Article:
Behavioral Science and Cultural Consensus
Development strategies aimed at behavior change will miss the mark if they do not adequately identify culture and plan interventions that factor in the cultural nuances around particular behaviors. As management guru Peter Drucker once said, “culture eats strategy for breakfast.”
To best serve our clients, we must go beyond mere clinical provision and sensitization to also accommodate the social culture where we work – embracing family structures, community norms, and institutional relationships. Further, to deliver quality care, we must be able to engage the input and participation of our clients as partners in improving health.
This online event presented a variety of applied effective approaches to address the challenges above.
Andrew Gall and Carol Karutu, IntraHealth International, and Rahin Khandker, Ideas42 spoke about the meaning of behavioral science and how we can collectively harness it to strengthen our global health programs and improve our results. They explored how programs influence the behavior of health workers and community members and how interventions can systematically nudge people to make healthy decisions.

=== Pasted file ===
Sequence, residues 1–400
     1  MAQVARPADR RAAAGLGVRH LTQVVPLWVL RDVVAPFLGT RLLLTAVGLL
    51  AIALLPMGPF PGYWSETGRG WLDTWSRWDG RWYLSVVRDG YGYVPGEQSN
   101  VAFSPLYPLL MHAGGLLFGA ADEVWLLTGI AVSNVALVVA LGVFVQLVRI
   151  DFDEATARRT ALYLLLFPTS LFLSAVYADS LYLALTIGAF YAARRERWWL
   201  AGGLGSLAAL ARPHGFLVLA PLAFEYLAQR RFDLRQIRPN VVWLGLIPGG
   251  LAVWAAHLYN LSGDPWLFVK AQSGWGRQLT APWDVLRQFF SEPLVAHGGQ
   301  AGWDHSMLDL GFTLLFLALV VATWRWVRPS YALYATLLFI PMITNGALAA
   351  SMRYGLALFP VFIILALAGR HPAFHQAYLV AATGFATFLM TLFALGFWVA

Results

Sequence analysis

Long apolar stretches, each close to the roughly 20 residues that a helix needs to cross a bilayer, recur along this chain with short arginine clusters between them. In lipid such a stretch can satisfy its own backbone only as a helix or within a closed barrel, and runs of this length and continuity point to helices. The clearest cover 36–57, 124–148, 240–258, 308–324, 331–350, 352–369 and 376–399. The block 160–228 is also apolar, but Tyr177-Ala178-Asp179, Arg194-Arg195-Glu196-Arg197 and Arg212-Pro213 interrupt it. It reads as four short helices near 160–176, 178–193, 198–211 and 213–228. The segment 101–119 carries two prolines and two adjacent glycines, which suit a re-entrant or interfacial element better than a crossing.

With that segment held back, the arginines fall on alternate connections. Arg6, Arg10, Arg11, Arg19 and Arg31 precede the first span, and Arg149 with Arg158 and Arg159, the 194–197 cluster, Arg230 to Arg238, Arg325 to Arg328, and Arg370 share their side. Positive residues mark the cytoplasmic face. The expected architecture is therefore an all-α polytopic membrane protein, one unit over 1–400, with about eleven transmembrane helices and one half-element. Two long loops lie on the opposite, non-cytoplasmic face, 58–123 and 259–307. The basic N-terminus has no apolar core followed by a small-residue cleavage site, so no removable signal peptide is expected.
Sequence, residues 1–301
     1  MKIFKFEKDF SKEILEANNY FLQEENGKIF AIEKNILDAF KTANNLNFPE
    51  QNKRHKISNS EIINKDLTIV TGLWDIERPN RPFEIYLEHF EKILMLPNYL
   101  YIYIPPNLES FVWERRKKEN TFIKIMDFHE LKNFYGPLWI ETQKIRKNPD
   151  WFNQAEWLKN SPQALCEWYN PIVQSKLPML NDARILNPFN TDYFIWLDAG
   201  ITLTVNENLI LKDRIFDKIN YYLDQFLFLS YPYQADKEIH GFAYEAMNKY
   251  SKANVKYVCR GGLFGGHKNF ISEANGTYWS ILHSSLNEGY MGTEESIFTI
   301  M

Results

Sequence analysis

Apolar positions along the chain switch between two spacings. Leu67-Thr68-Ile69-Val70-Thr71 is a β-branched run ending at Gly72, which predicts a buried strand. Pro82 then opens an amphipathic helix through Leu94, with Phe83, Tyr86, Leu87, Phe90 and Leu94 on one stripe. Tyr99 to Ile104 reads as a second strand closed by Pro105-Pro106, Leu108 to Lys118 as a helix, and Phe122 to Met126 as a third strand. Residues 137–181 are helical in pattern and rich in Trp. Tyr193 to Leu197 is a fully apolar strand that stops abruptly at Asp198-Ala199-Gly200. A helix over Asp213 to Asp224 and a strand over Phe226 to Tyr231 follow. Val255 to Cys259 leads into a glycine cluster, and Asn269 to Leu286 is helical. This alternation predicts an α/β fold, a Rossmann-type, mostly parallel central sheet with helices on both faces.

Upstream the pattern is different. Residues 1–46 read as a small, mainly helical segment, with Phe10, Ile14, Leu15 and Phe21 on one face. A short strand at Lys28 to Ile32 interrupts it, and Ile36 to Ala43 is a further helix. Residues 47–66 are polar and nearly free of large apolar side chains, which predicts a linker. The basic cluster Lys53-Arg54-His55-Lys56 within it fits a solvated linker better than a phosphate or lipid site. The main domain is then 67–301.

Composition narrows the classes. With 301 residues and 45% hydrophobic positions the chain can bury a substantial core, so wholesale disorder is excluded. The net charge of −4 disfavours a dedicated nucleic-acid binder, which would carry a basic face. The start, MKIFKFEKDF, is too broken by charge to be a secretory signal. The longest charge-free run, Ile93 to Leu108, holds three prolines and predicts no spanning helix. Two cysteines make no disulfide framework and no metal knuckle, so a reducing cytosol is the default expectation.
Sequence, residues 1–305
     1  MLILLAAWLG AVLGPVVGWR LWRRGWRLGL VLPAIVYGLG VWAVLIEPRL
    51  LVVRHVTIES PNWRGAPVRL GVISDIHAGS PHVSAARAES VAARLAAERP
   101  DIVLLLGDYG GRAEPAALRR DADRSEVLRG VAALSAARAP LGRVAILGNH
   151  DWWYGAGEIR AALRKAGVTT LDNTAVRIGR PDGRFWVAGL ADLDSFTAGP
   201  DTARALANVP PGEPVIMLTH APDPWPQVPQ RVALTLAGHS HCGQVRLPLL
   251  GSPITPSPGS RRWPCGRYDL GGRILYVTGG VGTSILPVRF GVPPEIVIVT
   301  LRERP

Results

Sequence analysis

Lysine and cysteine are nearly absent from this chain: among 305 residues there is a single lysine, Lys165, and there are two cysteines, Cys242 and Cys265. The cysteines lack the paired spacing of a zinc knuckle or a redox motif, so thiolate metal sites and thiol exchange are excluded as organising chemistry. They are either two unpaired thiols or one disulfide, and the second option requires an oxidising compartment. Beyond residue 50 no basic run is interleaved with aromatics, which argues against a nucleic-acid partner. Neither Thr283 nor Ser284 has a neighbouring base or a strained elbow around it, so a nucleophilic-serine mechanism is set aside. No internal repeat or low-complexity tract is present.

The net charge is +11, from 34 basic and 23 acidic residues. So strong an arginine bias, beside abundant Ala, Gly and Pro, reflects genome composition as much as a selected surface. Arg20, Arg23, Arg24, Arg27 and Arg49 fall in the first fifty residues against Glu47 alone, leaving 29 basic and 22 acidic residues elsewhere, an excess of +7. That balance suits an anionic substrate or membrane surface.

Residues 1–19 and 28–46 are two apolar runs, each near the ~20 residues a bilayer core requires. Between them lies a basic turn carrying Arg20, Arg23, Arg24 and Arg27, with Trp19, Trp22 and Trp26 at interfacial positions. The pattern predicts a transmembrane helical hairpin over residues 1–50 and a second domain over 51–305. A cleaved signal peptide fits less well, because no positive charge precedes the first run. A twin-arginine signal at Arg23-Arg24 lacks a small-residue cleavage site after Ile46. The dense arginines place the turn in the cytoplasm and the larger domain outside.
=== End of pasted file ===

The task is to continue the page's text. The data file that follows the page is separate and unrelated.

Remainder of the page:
Peggy Ochandarena, Chemonics International presented an approach she and her team are using to understand culture and design interventions around that understanding. In partnership with anthropologist researchers at Arizona State University in their Global Impact Collaboratory (GIC), Chemonics and partners have piloted the use of the ‘cultural consensus method’ to identify the culture around behavioral interventions; and Chemonics projects have used the findings in designing interventions. Ms. Ochandarena explained the method and discussed conditions for its optimal use through three case study examples.